Jack and Margaret’s Story

By Claire O’Malley

The family rested beside a clump of celandines as they made their weary way to the Workhouse. Soft moss massaged their tired feet. Jack, their father, saw two ravenous dogs about to attack the body of a man lying dead in a gap. He chased the dogs away with his spade and then dug a hole, pausing every few seconds as his own strength was waning for want of food. He placed the body in the new grave facing east and covered it with clay. His two older children, Máirín and Seán, gathered pebbles from the dusty road and placed them on top of the grave in the shape of a cross.

Eibhlín, the three year old, had stopped crying and was pulling some celandines to tickle the nine month old baby’s face. The flowers reflected yellow on the baby’s skin as Eibhlín moved them lightly back and forth. Margaret, their mother looked on, happy to see Eibhlín distracted for a while and her little baby Joanna smiling. A clip clopping of horses in the distance interrupted this moment of peace. A convoy of carts full of food was approaching on its way to the quay in Westport. Margaret wrapped her shawl around the baby and they all huddled together keeping close to the wall as the convoy passed by. Red coated soldiers, to the front and sides of the heavily laden carts guarded the food in case of attack from emaciated paupers.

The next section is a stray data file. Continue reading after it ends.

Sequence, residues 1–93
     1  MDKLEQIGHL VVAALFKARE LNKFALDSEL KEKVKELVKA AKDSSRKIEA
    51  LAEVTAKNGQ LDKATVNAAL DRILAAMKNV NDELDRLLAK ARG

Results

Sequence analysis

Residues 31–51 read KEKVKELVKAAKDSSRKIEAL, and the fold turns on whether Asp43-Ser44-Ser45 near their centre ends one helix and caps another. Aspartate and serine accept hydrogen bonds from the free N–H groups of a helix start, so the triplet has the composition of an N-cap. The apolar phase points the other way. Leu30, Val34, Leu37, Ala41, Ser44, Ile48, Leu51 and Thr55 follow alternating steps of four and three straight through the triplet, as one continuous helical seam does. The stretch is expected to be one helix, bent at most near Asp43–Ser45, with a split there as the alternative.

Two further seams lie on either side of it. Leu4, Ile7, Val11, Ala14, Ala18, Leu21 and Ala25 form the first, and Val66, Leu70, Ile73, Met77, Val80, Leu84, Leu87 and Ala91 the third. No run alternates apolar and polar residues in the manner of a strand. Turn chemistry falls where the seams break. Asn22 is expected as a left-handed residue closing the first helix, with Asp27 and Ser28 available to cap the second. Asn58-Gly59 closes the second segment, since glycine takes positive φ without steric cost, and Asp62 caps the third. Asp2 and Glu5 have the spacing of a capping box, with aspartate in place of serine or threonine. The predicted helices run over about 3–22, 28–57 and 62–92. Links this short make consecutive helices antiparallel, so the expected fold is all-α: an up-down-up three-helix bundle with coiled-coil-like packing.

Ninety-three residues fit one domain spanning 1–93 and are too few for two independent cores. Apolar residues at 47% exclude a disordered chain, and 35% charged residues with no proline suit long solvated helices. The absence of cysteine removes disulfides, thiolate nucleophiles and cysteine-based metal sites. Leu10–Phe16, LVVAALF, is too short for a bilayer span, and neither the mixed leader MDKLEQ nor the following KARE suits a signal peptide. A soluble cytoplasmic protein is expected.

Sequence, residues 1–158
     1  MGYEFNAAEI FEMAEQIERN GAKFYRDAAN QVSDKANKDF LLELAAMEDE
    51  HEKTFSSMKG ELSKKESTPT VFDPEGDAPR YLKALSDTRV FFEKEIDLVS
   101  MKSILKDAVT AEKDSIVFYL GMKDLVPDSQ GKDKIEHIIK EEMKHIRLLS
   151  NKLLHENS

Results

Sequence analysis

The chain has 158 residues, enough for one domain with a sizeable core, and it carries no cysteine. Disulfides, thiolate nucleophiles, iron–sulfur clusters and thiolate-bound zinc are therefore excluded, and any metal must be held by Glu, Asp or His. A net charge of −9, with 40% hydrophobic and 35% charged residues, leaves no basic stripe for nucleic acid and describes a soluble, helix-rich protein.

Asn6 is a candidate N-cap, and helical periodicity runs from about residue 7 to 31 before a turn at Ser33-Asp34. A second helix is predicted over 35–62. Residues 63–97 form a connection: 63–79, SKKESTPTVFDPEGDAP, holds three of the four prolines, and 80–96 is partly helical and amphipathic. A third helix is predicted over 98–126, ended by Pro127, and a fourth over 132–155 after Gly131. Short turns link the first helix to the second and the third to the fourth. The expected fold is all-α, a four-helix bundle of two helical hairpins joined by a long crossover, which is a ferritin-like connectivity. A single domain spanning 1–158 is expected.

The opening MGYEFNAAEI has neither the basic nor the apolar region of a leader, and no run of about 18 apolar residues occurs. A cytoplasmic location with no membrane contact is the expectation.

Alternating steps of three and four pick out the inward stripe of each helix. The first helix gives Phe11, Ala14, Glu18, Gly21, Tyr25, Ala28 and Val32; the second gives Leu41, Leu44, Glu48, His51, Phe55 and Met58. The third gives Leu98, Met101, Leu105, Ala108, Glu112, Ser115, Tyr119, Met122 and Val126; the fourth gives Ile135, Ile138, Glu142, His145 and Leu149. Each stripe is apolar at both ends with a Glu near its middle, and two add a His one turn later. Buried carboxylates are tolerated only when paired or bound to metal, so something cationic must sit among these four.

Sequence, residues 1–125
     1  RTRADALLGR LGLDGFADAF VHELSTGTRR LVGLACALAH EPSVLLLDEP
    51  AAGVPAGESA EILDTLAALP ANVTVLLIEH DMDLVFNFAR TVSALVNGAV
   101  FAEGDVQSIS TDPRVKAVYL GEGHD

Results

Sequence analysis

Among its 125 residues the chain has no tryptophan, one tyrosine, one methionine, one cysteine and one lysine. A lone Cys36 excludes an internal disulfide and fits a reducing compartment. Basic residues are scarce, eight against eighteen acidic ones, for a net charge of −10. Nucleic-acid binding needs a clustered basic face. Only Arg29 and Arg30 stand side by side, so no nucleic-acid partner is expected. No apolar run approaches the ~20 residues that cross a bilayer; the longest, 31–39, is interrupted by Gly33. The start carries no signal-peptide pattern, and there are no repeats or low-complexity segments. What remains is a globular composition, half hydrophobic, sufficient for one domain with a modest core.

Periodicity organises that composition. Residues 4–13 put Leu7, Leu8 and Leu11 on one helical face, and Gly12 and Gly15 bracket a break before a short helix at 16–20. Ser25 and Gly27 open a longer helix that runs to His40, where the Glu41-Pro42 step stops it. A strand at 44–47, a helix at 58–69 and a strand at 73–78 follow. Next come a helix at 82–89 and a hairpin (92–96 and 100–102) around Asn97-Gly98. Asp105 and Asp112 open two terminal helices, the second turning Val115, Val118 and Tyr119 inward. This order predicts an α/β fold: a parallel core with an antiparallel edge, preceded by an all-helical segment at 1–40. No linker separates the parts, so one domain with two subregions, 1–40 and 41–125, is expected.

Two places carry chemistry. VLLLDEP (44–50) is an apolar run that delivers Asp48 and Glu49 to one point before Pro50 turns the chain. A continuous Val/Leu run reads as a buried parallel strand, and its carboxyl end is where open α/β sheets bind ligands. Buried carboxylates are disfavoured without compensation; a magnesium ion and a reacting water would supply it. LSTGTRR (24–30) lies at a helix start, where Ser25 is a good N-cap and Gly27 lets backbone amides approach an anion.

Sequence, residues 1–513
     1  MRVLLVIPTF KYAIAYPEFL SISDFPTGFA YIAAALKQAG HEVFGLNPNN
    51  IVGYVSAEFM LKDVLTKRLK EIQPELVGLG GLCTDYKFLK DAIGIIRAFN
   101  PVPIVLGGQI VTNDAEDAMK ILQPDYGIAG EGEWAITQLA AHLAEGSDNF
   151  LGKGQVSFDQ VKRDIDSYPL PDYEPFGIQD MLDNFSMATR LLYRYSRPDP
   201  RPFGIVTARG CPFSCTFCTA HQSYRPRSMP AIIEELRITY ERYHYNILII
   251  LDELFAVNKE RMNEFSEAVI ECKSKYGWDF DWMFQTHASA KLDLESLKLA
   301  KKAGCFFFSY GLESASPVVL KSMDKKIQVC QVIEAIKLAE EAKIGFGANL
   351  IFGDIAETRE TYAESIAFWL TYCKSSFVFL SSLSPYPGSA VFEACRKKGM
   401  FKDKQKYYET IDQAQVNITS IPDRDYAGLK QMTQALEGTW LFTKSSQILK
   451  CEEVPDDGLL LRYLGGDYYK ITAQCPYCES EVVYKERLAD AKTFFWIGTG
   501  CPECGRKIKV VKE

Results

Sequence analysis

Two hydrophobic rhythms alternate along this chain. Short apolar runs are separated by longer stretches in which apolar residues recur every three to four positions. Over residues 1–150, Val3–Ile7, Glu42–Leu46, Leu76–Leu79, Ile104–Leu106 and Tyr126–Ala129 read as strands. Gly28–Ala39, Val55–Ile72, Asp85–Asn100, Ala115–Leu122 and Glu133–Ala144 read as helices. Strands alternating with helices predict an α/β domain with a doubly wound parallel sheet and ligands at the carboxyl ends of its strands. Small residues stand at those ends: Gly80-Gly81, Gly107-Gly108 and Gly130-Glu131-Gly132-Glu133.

“Carts of Food on Way to the Quay,” sketched by David Bog after The Truth Behind The Irish Famine by Jerry Mulvihill pg 113.

A pitiful sight!  All that food being exported and people starving to death! Jack felt a raging heat enveloping his body. He gripped his spade to knock a soldier to the ground.  Margaret, sensing disaster, squeezed his arm in a vicelike grip. If he attacked, they’d all die. They managed to stay by the wall until the soldiers and the sound of horses faded into the distance. Jack sank to the ground, his whole body shaking. Whining dogs, getting the scent of cured pork in the wind, howled mournfully across the valleys. The sight and smell of food out of reach was enough to drive man and beast crazy.

Moving out onto the road, the parents and two older children looked towards Ballinrobe. The tall grey Workhouse Building loomed over the brambles filling their hearts with dread.  The sun was setting as they reached the Bulcán River. Jack dipped his hand in the water and prayed that his family would survive the unknown world they were about to enter. Then he knocked on the Workhouse door.


Course: Remembering our Heritage – Ballinrobe Workhouse

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